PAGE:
Updating physics on object in
Motion states for objects communicate movement caused by forces in the physics simulation to your program.
There are some important exceptions you need to remember.
Motion States are a way for Bullet to do all the hard work for you getting the objects being simulated into the rendering part of your program.
In most situations, your game loop would iterate through all the objects you're simulating before each frame render.
Static objects don't move so there is no need to communicate movement. Kinematic objects are controlled by your program and the motion state works in reverse.
It communicates movement of your object to bullet so it can detect collisions with it.
This rate is not dependent on the actual framerate and it does not lock the framerate at 60fps.
Instead, when the actual fps is higher than the physics framerate the system will display interpolated positions for the physics objects.
If you want the non-interpolated position of a body [which will be the position as it was calculated at the end of the last physics tick], use bt Rigid Body::get World Transform() and query the body directly.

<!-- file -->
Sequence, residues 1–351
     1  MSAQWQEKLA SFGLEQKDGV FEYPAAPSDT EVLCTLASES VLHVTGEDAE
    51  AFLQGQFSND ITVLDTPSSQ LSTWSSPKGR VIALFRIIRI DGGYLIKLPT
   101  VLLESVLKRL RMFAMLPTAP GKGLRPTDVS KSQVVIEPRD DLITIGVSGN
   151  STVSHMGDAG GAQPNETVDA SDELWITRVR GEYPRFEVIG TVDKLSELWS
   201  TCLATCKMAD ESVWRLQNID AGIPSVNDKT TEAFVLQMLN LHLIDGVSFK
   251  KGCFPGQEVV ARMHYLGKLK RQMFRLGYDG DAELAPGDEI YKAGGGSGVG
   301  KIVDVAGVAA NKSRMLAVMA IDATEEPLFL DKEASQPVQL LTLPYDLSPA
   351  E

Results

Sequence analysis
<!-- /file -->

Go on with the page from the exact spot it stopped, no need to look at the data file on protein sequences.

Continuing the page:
The Rigid Body Control for example includes a simple constructor that automatically creates a hull collision shape or a mesh collision shape based on the given input mass and the mesh of the spatial it is attached to.
This makes enabling physics on a Geometry as simple as “Control(new Rigid Body Control(1)); Bullet physics runs internally at 60fps by default.
If you just want to create a body, you can construct a bt Default Motion State with no parameters.
Since Ogre3d seems popular [and I'm using it myself], here's a full implementation of a motionstate for Bullet.